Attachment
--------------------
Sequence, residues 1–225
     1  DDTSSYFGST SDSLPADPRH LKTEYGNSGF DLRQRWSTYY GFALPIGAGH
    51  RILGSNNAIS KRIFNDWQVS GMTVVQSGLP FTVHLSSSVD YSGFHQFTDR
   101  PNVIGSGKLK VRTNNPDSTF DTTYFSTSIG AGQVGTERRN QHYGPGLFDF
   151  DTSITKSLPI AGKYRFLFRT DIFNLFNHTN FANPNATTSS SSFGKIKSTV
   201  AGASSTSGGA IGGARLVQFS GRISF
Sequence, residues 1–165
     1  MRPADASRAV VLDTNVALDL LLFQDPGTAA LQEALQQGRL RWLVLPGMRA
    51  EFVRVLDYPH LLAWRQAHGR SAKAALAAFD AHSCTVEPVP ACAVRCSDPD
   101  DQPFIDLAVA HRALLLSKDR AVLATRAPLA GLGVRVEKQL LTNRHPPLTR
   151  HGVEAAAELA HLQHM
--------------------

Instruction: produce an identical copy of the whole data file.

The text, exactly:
Sequence, residues 1–225
     1  DDTSSYFGST SDSLPADPRH LKTEYGNSGF DLRQRWSTYY GFALPIGAGH
    51  RILGSNNAIS KRIFNDWQVS GMTVVQSGLP FTVHLSSSVD YSGFHQFTDR
   101  PNVIGSGKLK VRTNNPDSTF DTTYFSTSIG AGQVGTERRN QHYGPGLFDF
   151  DTSITKSLPI AGKYRFLFRT DIFNLFNHTN FANPNATTSS SSFGKIKSTV
   201  AGASSTSGGA IGGARLVQFS GRISF
Sequence, residues 1–165
     1  MRPADASRAV VLDTNVALDL LLFQDPGTAA LQEALQQGRL RWLVLPGMRA
    51  EFVRVLDYPH LLAWRQAHGR SAKAALAAFD AHSCTVEPVP ACAVRCSDPD
   101  DQPFIDLAVA HRALLLSKDR AVLATRAPLA GLGVRVEKQL LTNRHPPLTR
   151  HGVEAAAELA HLQHM